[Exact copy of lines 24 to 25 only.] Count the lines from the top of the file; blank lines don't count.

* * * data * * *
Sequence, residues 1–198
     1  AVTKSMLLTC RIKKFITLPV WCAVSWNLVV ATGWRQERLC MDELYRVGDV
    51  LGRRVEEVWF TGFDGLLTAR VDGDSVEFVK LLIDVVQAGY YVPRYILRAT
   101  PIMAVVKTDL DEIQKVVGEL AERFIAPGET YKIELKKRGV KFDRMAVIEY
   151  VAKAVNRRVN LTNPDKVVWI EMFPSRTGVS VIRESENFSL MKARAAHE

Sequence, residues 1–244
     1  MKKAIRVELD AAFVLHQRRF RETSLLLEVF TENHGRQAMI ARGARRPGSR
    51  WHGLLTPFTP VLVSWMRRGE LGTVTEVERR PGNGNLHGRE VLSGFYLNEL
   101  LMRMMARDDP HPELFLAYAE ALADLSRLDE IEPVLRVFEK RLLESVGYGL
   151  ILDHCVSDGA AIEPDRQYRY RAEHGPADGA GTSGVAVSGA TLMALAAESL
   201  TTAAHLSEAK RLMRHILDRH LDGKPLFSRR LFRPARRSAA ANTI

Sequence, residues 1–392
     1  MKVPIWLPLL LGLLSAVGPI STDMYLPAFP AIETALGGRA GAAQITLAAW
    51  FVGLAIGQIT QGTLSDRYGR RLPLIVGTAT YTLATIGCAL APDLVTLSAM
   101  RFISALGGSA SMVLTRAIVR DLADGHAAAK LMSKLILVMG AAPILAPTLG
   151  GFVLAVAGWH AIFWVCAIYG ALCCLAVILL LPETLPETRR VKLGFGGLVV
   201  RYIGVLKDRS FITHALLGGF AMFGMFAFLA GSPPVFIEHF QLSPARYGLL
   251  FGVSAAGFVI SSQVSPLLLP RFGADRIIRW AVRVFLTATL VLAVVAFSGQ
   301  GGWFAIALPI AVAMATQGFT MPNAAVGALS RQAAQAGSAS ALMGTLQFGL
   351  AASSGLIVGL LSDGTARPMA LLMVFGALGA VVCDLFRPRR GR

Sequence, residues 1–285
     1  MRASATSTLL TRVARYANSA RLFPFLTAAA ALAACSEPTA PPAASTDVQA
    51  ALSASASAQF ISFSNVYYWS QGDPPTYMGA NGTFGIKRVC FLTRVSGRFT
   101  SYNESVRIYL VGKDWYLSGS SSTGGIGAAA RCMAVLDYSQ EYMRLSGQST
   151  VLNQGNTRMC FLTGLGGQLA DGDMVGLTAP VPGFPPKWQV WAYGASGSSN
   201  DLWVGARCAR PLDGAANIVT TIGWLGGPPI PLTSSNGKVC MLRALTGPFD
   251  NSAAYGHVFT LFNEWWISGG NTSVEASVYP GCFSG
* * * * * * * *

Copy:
   101  SYNESVRIYL VGKDWYLSGS SSTGGIGAAA RCMAVLDYSQ EYMRLSGQST
   151  VLNQGNTRMC FLTGLGGQLA DGDMVGLTAP VPGFPPKWQV WAYGASGSSN